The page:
Both discussions kept drifting into one channel: heroic Britain finally breaks the chains and breaks free from weak European oppressor. Europeans run away in fear, as they know that against such a competitor, the European Union is doomed (of course it was not doing great anyway, and this is why wise Britons decided to leave the sinking ship, so they can look from outside and say “I told you so”). But I was persistent. I was still coming back to those petty practicalities. I gave up everything else and asked one simple question: where will all the lorries entering Britain have their customs cleared. This is actually pretty serious question: at the moment only trucks from countries like Switzerland, Norway, Morocco, Belarus or Turkey need to have their customs cleared in Dover, and there is very few of them – and yet the Freight Clearance Centre in Dover barely can accommodate them all as it is. With average 6 lorries disembarking the ferries in Dover every minute, it will be much, much worse – now it is nearly impossible to even to find a place to park a truck, they are virtually everywhere – on the junction, on the bridges, on the pavements and hard shoulders… Some say that trucks could have their customs cleared online, but “online” is not some magic fairy tale land: that will require a completely new computer system able to deal with such a vast amount of loads, creating one like this is not exactly a side job for the weekend. And one cannot even start until the exact deal between EU and UK will be known… So if nothing is to be done, the 19th March of 2019 could be the biggest logistic disaster ever.

It was explained to me that this will be the problem for Europe. After all, most of the lorries are theirs anyway. Secondly, with Britain having new trade partners outside Europe, most of the stuff will be coming here on ships anyway. Ok, but first, the lorries that bring, for example, oranges here, go back loaded with British products such as lamb or beef. So it is as much in the interest of Britons as in the interest of Europeans to keep them rolling. Which, if Brexit turns out to be a disaster, can be problematic, as even now many European hauliers give up on runs to Britain due to the problem with immigrants in Calais. After all, there is enough roads in other 27 countries of Europe to make a living from driving on them, just as the producers in Europe will have 27 other countries to sell their goods in – oranges or olives that are now sold to Britain can be eaten by other Europeans. In Poland, for example, the market for olive oil records two-digit growth every year for over a decade. Meanwhile for Britons loss of access to European market can be problematic, as I doubt they will export their lamb to New Zealand or beef to India…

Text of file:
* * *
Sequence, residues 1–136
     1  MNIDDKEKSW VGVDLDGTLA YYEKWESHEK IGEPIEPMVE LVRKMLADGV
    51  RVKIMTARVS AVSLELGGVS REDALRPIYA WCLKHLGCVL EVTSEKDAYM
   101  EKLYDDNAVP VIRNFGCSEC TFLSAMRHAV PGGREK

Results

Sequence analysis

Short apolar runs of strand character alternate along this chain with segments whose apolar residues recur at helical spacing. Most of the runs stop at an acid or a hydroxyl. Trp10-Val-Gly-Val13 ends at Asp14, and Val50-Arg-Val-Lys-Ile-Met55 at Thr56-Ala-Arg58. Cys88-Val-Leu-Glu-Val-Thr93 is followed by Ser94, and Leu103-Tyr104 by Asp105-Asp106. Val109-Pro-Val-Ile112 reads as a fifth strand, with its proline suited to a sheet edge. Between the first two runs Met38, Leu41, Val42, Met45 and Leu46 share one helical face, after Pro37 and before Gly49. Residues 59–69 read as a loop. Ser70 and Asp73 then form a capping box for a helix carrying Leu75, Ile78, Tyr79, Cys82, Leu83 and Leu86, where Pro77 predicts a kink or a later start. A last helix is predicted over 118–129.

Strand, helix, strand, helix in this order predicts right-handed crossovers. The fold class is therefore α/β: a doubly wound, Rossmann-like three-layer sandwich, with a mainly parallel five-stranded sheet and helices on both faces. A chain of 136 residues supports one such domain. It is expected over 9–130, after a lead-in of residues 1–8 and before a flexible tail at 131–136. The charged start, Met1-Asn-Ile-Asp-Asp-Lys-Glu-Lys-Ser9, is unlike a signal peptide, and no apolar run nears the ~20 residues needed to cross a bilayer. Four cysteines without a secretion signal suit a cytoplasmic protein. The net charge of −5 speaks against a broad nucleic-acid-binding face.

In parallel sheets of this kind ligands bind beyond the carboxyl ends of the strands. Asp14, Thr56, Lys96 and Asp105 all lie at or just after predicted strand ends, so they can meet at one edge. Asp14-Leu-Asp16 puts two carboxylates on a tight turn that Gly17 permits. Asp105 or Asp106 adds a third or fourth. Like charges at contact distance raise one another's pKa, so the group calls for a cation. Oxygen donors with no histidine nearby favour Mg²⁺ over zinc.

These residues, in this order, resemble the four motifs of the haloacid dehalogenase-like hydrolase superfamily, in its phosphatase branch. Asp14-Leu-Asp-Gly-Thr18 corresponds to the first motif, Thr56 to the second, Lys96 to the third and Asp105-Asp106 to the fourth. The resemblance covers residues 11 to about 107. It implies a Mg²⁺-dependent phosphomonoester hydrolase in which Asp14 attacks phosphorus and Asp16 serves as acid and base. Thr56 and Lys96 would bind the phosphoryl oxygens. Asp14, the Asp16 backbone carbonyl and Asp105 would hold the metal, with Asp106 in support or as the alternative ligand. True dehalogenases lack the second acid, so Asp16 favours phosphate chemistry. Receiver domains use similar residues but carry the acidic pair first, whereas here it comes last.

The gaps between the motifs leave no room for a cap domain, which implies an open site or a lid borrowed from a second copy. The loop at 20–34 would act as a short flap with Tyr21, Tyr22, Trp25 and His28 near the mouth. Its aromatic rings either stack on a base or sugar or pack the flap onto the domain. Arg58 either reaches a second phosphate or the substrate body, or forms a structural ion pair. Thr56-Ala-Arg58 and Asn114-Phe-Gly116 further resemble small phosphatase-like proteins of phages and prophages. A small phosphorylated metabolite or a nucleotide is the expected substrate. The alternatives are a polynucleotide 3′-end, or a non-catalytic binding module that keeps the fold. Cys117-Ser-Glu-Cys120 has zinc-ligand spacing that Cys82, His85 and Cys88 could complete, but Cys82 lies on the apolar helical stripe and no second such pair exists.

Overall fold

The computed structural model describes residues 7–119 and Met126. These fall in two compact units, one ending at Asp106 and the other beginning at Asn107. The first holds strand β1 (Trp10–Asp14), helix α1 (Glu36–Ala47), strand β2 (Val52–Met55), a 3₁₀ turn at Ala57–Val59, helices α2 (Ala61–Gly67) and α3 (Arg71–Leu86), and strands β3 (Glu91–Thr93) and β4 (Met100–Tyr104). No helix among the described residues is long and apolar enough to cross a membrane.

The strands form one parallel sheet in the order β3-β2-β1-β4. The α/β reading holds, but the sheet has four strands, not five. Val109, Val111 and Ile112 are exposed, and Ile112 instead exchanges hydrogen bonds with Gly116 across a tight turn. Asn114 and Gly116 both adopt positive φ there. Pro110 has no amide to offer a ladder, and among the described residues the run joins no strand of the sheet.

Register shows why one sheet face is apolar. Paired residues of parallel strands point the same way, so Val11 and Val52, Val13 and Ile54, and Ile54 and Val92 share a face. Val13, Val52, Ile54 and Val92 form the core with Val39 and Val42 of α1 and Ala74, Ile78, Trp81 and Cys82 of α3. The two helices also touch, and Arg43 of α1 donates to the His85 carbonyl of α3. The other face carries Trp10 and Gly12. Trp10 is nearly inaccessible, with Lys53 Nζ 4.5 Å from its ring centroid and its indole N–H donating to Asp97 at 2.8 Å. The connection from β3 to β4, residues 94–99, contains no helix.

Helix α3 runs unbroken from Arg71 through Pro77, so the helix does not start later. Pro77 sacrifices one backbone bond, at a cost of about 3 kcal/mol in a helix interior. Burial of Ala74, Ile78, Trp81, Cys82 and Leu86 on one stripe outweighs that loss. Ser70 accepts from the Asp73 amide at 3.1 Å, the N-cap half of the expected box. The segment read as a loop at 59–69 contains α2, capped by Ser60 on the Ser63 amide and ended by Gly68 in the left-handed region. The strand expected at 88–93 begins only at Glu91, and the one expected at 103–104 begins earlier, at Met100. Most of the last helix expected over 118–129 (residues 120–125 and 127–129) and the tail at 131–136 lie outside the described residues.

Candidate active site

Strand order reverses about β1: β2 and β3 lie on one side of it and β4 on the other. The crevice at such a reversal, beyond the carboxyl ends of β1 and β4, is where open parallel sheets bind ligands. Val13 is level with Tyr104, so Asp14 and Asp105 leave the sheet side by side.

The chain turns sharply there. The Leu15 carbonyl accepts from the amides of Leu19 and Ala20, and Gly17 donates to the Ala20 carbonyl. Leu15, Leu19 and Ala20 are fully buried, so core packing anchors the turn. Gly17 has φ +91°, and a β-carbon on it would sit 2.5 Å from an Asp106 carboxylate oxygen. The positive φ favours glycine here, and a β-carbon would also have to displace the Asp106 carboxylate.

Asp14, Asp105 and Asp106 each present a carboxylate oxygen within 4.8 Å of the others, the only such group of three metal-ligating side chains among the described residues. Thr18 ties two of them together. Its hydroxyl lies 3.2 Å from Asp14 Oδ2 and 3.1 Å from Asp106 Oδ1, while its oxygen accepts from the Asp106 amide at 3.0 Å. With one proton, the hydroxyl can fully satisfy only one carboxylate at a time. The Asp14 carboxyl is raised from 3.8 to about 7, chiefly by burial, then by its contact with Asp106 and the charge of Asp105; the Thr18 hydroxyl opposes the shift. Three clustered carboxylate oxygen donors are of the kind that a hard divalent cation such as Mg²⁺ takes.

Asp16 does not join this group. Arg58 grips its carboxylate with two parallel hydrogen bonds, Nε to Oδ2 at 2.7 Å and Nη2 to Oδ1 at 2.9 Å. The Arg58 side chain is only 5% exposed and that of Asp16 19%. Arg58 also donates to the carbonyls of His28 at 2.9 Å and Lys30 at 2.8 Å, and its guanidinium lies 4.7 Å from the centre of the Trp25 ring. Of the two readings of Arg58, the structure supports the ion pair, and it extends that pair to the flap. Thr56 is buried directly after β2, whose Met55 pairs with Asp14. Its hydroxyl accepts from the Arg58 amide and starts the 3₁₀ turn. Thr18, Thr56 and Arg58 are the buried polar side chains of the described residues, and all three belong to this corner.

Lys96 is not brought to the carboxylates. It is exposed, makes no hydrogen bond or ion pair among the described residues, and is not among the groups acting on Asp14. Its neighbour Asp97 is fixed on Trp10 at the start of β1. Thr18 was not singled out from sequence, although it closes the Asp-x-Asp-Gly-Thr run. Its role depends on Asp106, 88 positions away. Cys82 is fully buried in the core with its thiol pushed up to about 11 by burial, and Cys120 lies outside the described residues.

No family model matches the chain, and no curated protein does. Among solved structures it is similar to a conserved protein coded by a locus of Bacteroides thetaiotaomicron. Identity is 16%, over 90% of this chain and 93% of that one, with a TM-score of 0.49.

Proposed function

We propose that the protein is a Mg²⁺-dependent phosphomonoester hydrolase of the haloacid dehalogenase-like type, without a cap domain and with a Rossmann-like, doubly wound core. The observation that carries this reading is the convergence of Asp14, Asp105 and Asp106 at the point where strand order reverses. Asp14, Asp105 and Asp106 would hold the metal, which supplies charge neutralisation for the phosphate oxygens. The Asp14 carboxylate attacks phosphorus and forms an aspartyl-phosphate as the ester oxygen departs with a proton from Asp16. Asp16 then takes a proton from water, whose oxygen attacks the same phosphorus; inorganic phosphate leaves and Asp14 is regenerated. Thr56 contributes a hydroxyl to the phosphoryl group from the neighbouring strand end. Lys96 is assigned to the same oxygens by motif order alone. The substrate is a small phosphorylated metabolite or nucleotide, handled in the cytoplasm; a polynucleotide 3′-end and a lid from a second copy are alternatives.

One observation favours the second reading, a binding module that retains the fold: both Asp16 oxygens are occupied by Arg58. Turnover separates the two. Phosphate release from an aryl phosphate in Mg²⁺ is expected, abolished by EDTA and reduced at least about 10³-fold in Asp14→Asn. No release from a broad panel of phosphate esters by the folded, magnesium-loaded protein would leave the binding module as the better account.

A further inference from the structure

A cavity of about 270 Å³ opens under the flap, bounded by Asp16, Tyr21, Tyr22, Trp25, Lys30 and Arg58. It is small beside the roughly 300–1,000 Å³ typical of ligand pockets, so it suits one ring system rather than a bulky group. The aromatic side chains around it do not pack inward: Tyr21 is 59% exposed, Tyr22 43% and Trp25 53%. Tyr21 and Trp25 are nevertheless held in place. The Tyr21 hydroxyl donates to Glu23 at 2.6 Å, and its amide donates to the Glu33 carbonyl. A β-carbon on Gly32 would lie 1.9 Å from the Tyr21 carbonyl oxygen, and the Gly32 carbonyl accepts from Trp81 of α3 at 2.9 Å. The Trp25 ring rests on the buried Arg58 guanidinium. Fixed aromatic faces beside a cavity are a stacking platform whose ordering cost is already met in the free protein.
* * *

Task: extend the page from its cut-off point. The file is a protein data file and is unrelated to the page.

And about those ships? Ships still need to dock somewhere. If they are suddenly to take over the transport of 40% of British international trade, the ports will need to be expanded. And so the infrastructure surrounding it. If we remember that most British ports are located in big cities, then it might be really problematic to allow access of all those extra lorries – they could simply clog the road networks surrounding the ports totally. Of course, it can be done, but this will take years. Even 10 years might be unreal perspective, not to mention 19th March of next year… Some say Boris Johnson has ordered floating piers from China – OK, it’s nice, ships could dock at them, but then what? And can he have them up and running in nine months?

I got a bad feeling that it will all end in tears. Remember that harsh winter a few years back? 6 days of snow in France and on English motorways and the fruit and veg stalls in Scottish supermarket were nearly empty. I tried to find out: is there is anything being done to prevent that? Is any infrastructure built or even planned? Has anyone announced a tender for the new computer system for custom services? I was really trying to find the answers, but I was simply branded a troll and blocked. Well…

So what are my conclusions from this simple experiment? Well, I tell you one thing. I am aware, that it might be an option for me that I will have to move out of Britain. I am already considering my options, doing some research, planning ahead, putting some money aside and I have even started learning a new language. And for me leaving Britain is easy: I don’t have kids, debts, mortgage, long-term commitments. I could pack my things up and leave at any time. Brexiters pulled 70 000 000 people out of Europe and not only they had any plans for that, but it seems that they still don’t think that they need to look into all those petty little problems that are going to turn up on 19th of March. The vision of “fantastic future out of EU” in which Great Britain, like from the touch of a magic wand overnight becomes a wonderful empire, looking down at this silly Europe and dealing as equal with economies such as USA or China while European Union tumbles down into chaos and finally breaks apart is indeed fantastic. But in that other meaning of that word:



imaginative or fanciful; remote from reality.

And I wonder about one thing: even in if 50 years, Britain will be better out of the EU, it is pretty likely that in the shorter perspective things are going to turn badly. Will Britons still blame European Union for every single of their problems?